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  1. 1. Surveys Christopher S. LaRoche MIT, Usability Consultant Northeastern University, Senior Lecturer Copyright © 2012 - 2014 - Christopher S. LaRoche & Katherine Wahl
  2. 2. Survey Overview • Surveys are an efficient way to gather a high volume of information and specific data from your users • Surveys are multi-faceted. You can create simple surveys and get massive amounts of data; but to get statistically significant information you often have to parse your demographics and question wording (Goodman, p. 327) • Surveys can range from simple to incredibly complex 2
  3. 3. Survey Overview • Most questions are closed (multiple choice) vs. open- ended (open text box) • Try to strip out subjectivity and bias. (Goodman, p. 331- 343) 3
  4. 4. Online tools • Online tools make surveys much easier and efficient • One of the most popular online survey services: • Not only do online survey sites allow you to conduct the survey online, they provide tools to help you analyze the data 4
  5. 5. Types of Surveys • There are several different kinds of surveys: – Profile, when you want to get a snapshot of the composition of your current user population – Satisfaction, when you want to find out what what works well and what doesn’t – Value, when you want to know what people find important (Goodman, p. 328) 5
  6. 6. When a survey is a good choice • A survey is a good choice when you want to get answers to specific questions by reaching a large group of users • It’s not a good idea to use a survey when you have broad questions about your users or want to understand comprehensive workflow • A survey is a good method when you want quantitative [numbers] data, not qualitative [text] data 6
  7. 7. Disadvantages of surveys • Quality of survey data can be uneven, as users will sometimes skip questions or respond quickly with out fully considering questions • Questions MUST be well-written and free of bias • Analysis can be time consuming and complex • Users don’t always report truthfully in surveys 7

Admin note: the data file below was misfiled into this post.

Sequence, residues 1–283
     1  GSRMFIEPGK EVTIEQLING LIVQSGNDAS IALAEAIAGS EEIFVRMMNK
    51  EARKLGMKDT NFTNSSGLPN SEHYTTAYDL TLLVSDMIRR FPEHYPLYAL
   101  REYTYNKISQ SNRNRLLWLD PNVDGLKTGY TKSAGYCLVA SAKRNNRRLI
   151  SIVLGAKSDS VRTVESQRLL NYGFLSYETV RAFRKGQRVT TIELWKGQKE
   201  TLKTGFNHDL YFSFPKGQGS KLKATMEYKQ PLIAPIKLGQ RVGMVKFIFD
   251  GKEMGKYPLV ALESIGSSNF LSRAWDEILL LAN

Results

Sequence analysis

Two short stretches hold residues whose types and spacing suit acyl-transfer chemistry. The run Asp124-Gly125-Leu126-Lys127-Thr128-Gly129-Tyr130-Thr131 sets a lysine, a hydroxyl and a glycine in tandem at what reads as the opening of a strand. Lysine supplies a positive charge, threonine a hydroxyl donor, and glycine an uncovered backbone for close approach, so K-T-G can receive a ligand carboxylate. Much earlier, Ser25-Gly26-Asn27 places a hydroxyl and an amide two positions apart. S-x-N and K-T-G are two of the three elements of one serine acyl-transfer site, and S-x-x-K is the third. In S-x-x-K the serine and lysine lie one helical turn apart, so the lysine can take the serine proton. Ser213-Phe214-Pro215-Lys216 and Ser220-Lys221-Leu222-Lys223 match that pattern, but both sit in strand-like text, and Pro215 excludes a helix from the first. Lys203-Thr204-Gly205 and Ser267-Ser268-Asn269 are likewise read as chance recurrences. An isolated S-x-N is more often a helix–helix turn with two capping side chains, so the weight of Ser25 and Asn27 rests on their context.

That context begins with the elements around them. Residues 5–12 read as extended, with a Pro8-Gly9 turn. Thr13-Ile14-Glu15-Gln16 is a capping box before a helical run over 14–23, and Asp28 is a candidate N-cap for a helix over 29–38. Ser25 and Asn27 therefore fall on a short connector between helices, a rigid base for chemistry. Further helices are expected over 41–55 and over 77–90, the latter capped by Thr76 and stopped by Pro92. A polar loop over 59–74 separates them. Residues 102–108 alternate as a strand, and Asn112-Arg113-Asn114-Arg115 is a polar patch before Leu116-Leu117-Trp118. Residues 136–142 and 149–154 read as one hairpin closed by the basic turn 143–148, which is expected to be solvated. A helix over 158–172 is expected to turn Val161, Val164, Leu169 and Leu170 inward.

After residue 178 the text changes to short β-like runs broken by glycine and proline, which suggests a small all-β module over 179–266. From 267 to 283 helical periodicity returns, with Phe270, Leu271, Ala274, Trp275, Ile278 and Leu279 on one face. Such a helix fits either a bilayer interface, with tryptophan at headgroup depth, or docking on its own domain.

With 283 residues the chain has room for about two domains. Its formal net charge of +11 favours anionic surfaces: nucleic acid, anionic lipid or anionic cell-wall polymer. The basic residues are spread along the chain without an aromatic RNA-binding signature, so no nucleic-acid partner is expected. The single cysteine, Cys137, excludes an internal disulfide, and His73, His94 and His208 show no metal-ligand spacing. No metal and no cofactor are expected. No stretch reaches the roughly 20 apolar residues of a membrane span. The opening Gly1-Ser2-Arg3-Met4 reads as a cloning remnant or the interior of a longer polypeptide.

8. 8. Getting started • Determine the goals for your survey. What do you want to learn? • Make sure your stakeholders know what they will and will not learn from the survey • Clearly define the profiles of the survey participants and how you will reach them 8
  9. 9. Sample size • How many participants should you have for your survey? This is one of the hardest questions to answer and, as with many user research related questions, the answer is ‘it depends’ • You want to make sure you are covering the audiences for your project and that they are all represented in your sample group. This means your sample size will vary • If you don’t get enough responses, you need to report that even though it may invalidate the survey 9
  10. 10. 10 Closed questions • Closed questions are those where users pick the response from a list • You want users to pick a specific answer or answers from a list of possibilities. You need to make sure the list of possible answers is complete and that there is no overlap among the answers so users will not get confused. (Goodman, p. 333) • Always include an “other” option in your list and include a text box for participants to write in what that option is. That way, the list is really complete!
  11. 11. 11 Open-ended questions • Open-ended questions are those where participants write their responses as free form text • These yield more complete and complex data but they are difficult and time consuming to analyze • Participants may be likely to skip them if they are in a hurry • Some of the data may be difficult to interpret if the answer uses unfamiliar terminology